Cityscape

Former Woodswether Cafe owner is back with Original Cafe in Overland Park

He tried to retire twice but owning a restaurant is how he really wants to retire

Jerry Naster, who owned the since-closed Woodswether Cafe in the West Bottoms and Jerry's at 103rd and State Line Road, came out of retirement in Florida because he wanted to keep working in the Kansas City area. Naster opened Original Cafe at the
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Jerry Naster, who owned the since-closed Woodswether Cafe in the West Bottoms and Jerry's at 103rd and State Line Road, came out of retirement in Florida because he wanted to keep working in the Kansas City area. Naster opened Original Cafe at the

Jerry Naster never skips breakfast. But he never likes to eat breakfast out either.

He said other restaurants just can’t make it as good as he does. Many Kansas Citians agree.

They’ve been fans since he ran his Woodswether Cafe on Woodswether Road in the West Bottoms. They followed him when he relocated to 103rd and State Line Road in south Kansas City. And now they have found him again at his new Original Cafe, which opened in late December in Rosana Square, 7552 W. 119th St., Overland Park.

“I had to be active. I can’t sit still and I don’t have any hobbies. This is my hobby,” he said. “I just love it. Everything about it — the people, I like to eat period. And there are so many bad restaurants.”

Original Cafe serves breakfast from 6 a.m. to 3 p.m. Tuesday through Sunday. The cafe has pancakes so big you need a pizza-sized box to take them to go, as well as a variety of omelets including Jerry’s Philly (with rib eye steak, sliced onions and peppers and provolone cheese), and the Lox Ness (with salmon, onions and a choice of cheese).

The breakfast menu also includes the Fire Bomb (two poached eggs, Canadian bacon and hash browns on top of an English muffin covered in jalapeno gravy), scrambles and breakfast sandwiches, bagels, biscuits and gravy, French toast, Belgian waffles and oatmeal.

Lunch starts at 9 a.m. and includes fried pickles, jalapeno poppers, house-breaded mushrooms, salad, soup and chili, Reubens, Chicago dogs, Italian steak sandwiches, grilled cheese sandwiches, BLTs and tuna melts, and malts and shakes.

Jerry’s Specialties are entrees such as chicken fried steak, sliced beef and brown gravy over Texas toast, meatloaf, liver and onions, and steaks — all served with salad and a choice of two sides. Daily specials can include an Italian steak sandwich, french fries and a drink for $9.99.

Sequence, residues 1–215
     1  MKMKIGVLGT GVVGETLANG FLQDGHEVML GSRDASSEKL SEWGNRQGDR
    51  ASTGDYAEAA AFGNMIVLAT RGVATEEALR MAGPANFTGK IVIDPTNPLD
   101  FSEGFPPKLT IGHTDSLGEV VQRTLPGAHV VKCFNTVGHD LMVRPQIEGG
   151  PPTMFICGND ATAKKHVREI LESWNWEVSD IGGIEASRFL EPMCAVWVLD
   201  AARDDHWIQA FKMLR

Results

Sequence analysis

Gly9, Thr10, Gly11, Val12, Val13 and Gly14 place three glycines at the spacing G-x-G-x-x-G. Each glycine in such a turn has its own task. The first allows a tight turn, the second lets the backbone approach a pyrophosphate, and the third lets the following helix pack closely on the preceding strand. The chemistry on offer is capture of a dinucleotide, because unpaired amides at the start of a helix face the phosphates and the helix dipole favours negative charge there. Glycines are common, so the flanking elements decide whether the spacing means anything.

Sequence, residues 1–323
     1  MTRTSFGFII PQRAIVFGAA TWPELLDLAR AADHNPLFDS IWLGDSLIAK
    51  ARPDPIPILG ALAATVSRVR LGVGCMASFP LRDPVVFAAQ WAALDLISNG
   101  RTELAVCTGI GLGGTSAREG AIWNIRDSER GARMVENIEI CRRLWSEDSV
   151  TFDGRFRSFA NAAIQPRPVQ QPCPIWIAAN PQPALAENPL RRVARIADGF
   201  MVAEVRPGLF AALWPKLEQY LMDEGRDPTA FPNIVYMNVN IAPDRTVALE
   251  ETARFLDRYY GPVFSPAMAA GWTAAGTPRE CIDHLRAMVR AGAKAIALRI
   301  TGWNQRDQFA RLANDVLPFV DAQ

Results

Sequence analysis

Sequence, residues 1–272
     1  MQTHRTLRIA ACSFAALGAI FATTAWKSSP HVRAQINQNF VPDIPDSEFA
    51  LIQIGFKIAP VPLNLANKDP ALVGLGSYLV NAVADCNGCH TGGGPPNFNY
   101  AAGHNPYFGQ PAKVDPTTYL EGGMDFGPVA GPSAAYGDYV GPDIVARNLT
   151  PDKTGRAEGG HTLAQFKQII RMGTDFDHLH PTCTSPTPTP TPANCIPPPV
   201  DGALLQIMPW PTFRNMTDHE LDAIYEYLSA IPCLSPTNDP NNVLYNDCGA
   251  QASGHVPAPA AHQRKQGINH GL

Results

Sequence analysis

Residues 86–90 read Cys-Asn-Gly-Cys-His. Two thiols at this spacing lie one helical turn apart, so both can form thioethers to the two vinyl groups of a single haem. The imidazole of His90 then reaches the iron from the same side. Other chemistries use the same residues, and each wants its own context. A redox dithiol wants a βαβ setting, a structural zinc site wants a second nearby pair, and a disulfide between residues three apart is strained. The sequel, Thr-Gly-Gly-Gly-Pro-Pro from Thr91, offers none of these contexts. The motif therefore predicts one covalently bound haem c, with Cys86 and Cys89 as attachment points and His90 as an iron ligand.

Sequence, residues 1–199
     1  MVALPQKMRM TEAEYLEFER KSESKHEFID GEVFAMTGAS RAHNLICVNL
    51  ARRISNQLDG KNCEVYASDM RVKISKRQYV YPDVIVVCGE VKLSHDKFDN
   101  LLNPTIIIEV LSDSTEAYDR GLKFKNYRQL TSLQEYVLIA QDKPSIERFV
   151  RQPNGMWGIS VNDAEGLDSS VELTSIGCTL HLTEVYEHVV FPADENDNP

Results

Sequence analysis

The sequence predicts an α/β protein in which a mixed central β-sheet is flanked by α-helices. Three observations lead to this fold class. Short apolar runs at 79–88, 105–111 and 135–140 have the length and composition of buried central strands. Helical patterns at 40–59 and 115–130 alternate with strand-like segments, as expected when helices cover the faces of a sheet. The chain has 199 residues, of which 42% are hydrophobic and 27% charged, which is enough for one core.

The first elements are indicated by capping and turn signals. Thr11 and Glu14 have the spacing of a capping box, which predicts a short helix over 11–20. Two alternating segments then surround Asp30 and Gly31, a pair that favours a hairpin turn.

His personal favorites? The “two best sandwiches in the world,” his classic cheeseburger (a half pound of freshly ground 100-percent-beef burger with lettuce, tomato, pickles and onion) that he describes as “awesome, just awesome,” and The Rachel sandwich (with pastrami, sauerkraut, Swiss cheese and Thousand Island dressing on grilled rye bread and served with a side of horseradish).

“I’ll tell you a story. I had five guys come in, lawyer-types, and they ordered triple cheeseburgers, fries and shakes and they ate it all. I couldn’t believe it,” he said.

Naster knows his meat. He spent nearly four decades as a butcher, starting as a 16 year old in his father’s meat market at 12th and Troost.

Naster opened Woodswether Cafe in the 1990s — a seven-table restaurant in a lime-green, graffiti-covered cinder block building on the southern banks of the Missouri River. His wife, Esther, baked the pies and towering cakes. He relocated the restaurant once, to a much larger West Bottoms building with more than 100 seats in 2005. But after Esther died in 2007, he sold the restaurant and retired.

That only lasted three years.

He opened Jerry’s Cafe at 103rd and State Line Road, operating it for five years before retiring again.

This time he didn’t make it three years.

His daughter’s office is close to Rosana Square and when Freebirds World Burrito closed in late September and the “for lease” sign went up, she called her father. He was ready.

He kept the Freebird’s “Freedom” mural, but made few other changes to the space. And he brought back his long popular menu.

“Just the the same concept as all my other places. Same exact food except try to do a little better than I did before,” Naster said. “I don’t want to retire again. I just want to work and work and work and that’s it.”

Joyce Smith: 816-234-4692, @JoyceKC

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